Two decades ago, former Winnipeg mayor Susan Thompson wrestled power away from the administration building at city hall and concentrated it in the hands of politicians.
Soon, that building will bear her name.
The first woman to serve as Winnipeg's mayor is returning to the city for the rechristening of the administration building as the Susan A. Thompson Building.
Council voted unanimously in November in favour of the name change to honour Thompson, who served two terms as mayor from 1992 to 1998.
- Susan A. Thompson's name should grace Winnipeg's Administration Building, councillors agree
- Former Winnipeg mayors Thompson, Katz recognized by city council
"I was honoured. I was overwhelmed. I was emotional. I was blessed. I had every emotion you could imagine because in a million years I never thought something like this would happen," Thompson said Monday over the phone from Vancouver.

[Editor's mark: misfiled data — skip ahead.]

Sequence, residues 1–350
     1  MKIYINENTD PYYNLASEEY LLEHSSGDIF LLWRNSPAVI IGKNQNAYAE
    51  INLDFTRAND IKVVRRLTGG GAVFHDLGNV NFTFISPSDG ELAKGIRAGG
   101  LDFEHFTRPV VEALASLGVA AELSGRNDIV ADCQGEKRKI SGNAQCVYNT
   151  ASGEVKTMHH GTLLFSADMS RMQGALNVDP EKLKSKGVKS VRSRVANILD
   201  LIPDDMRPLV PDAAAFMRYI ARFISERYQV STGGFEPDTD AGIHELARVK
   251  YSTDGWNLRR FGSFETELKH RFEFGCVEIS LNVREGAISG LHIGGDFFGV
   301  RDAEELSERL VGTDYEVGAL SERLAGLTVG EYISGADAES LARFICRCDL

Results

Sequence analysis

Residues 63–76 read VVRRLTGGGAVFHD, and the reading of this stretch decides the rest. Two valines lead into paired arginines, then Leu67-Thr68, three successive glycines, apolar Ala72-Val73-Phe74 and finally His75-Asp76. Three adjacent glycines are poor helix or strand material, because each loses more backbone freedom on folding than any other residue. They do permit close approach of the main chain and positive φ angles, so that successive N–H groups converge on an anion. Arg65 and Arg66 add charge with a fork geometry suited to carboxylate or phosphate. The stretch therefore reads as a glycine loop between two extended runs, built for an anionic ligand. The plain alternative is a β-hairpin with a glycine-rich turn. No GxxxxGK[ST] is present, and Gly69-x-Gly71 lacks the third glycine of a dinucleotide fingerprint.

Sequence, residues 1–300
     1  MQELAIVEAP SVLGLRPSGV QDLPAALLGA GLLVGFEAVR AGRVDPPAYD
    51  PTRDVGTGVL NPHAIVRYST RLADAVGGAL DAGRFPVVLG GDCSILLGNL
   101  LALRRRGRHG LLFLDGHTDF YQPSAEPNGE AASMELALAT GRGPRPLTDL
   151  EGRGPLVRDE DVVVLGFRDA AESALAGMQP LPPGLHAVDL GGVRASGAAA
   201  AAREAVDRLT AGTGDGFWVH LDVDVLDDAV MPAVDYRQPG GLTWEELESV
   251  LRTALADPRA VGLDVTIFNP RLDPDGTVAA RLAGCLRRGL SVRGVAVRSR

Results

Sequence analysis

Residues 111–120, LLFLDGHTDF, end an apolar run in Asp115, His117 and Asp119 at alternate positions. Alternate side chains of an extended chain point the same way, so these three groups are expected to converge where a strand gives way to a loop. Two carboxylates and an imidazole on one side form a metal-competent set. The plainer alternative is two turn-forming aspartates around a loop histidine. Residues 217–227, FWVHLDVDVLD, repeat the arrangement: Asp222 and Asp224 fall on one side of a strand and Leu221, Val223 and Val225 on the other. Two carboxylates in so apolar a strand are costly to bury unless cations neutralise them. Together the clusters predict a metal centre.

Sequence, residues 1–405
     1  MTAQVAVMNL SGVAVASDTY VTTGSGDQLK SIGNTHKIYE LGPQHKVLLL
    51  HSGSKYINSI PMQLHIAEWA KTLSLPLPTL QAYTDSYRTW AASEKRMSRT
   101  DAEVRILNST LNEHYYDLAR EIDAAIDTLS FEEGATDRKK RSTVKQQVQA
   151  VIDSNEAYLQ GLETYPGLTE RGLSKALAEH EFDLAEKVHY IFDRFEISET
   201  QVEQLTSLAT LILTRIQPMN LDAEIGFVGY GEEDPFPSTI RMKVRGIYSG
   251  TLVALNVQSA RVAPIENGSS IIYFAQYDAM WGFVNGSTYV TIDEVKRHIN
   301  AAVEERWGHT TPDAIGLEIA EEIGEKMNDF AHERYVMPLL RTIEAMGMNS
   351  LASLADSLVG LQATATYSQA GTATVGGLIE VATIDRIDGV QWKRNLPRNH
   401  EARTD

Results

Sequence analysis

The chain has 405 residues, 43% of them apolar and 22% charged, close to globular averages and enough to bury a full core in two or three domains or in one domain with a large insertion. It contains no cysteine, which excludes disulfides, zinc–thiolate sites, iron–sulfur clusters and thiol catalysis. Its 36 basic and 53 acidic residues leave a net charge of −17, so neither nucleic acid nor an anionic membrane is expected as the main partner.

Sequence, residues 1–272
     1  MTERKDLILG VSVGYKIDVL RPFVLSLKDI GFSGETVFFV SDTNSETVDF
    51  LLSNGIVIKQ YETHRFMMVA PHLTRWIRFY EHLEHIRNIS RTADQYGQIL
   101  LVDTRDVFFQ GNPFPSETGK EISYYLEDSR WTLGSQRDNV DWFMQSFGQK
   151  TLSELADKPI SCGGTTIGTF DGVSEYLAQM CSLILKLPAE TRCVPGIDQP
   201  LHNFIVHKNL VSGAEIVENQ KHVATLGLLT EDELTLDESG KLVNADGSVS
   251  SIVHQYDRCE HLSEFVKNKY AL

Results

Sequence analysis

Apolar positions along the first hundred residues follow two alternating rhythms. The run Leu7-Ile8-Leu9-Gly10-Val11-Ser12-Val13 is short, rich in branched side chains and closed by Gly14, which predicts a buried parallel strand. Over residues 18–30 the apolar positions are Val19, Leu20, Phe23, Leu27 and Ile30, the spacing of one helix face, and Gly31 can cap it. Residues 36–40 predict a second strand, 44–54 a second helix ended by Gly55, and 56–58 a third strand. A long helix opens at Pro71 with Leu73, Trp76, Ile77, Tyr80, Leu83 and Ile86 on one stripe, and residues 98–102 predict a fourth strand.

She said she sees no irony in her name adorning the administration building, which used to house the public servants she battled in her quest to replace the old board of commissioners — a group of unelected senior officials — with a "strong-mayor" model that benefited her successors, Glen Murray, Sam Katz and Brian Bowman.
"As time goes on, various models of government are put in place," she said, shrugging off the notion triumphalism played any role in the name change.
Council speaker Devi Sharma (Old Kildonan) spearheaded the renaming, which is slated for 10 a.m. on Thursday. Thompson said she hopes the name change will serve as a symbol of recognition of women's leadership in politics.
The former mayor, who is bringing her family to the city to witness the renaming, is still involved in one public project in Winnipeg: she works as a fundraising consultant for the Winnipeg Art Gallery's Inuit Art Centre project.